(The blog template is under construction and new images will be added end of week.)
Symptoms in the Words of Young Adults with Schizophrenia
- You do not feel like doing anything.
- Your family says you do not look good.
- It’s so hard to look at people – make eye contact.
- You feel tired all the time.
- It’s hard to keep a conversation going.
- Disorganization of thoughts and life
- Concentration problems
- Hard to concentrate on homework
- You get fat.
When I hear the symptoms expressed in these words, I understand why my son wouldn’t come out of his room, wouldn’t see his friends, couldn’t study without taking amphetamines and couldn’t keep a conversation going beyond a few sentences around meals. I feel terrible now that I didn’t understand what he was experiencing. He kept trying to convince us that things were normal and ok.
Negative symptoms are the lack of important abilities. Some of these include:
- the inability to enjoy activities as much
- low energy
- a blank, blunted facial expression
- having less lively physical movement
- low motivation
- difficulty initiating activities
- inability to make or keep friends or not caring to have friends.
It was the negative symptoms that I saw mostly in my son once he started taking antipsychotics and which I believe drove him to take his life. Before schizophrenia, he was highly motivated, passionate, athletic, and had loving relationships with his girlfriend, family and friends.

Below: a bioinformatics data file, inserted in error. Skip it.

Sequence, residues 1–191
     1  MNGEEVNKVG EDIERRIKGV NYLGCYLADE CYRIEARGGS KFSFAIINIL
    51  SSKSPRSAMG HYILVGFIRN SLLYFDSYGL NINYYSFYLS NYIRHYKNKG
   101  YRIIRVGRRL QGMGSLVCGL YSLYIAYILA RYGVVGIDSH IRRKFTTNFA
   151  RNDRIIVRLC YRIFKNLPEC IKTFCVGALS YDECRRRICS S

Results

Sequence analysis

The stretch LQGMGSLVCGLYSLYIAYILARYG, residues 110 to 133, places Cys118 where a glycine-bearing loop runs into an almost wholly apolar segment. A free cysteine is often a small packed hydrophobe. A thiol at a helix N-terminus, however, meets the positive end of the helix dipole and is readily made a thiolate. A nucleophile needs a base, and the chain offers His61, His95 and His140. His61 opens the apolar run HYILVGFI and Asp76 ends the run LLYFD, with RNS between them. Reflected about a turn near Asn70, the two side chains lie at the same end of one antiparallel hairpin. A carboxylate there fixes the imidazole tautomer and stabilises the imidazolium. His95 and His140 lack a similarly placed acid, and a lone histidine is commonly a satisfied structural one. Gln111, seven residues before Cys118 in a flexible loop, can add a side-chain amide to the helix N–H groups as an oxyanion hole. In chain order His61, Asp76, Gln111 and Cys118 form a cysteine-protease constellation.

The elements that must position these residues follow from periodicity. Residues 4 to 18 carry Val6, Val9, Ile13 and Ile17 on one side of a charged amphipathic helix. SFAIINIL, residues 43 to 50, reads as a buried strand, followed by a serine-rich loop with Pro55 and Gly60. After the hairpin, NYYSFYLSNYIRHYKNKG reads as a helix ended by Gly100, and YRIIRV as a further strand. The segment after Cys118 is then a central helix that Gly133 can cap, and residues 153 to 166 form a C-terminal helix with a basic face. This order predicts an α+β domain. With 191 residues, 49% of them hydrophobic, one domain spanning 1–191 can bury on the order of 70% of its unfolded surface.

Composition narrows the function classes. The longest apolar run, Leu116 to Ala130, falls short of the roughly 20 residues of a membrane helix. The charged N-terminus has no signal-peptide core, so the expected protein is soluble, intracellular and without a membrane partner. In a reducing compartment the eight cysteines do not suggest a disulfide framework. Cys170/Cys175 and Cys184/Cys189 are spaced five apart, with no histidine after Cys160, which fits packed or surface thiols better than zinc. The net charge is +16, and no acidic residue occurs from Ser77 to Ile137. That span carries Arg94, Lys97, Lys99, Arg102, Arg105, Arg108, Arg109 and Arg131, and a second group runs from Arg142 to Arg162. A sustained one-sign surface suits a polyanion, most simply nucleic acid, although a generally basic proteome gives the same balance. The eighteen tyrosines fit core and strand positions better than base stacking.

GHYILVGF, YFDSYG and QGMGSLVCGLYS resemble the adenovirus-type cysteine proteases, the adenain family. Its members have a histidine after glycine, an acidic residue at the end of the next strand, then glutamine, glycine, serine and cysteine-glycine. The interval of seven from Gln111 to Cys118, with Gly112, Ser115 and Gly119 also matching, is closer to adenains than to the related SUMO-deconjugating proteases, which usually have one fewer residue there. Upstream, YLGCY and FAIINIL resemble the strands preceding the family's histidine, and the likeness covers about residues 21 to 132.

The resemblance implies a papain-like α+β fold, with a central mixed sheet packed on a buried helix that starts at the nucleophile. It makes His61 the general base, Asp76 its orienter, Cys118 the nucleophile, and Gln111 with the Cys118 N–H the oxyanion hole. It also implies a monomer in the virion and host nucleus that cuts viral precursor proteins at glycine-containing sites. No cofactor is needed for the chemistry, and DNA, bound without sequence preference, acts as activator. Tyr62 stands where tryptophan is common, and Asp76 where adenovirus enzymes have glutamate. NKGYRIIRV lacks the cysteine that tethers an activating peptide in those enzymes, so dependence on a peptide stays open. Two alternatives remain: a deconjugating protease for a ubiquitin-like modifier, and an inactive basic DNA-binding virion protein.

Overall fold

Many of these symptoms come from the medications they are taking. The psychiatrists make light of these side effects, talk about coping skills similar to what would be given to someone suffering from depression. It’s obvious they don’t understand how isolating and devastating these side effects are to young people. They feel like they are dead. They wish they were dead. 50% of them attempt suicide before 30 years old. The doctors counsel them that many of the side effects diminish over time. I wonder if they actually diminish or if the young people simply learn to tolerate them. I wonder how many of the psychiatrists ask their patients in their medication management meetings how their quality of life is.
These symptoms are not who you are. Yet, it almost impossible not to believe them. Please seek help from doctors who can get you off of the anti-psychotic drugs; these drugs can never give you a life worth living.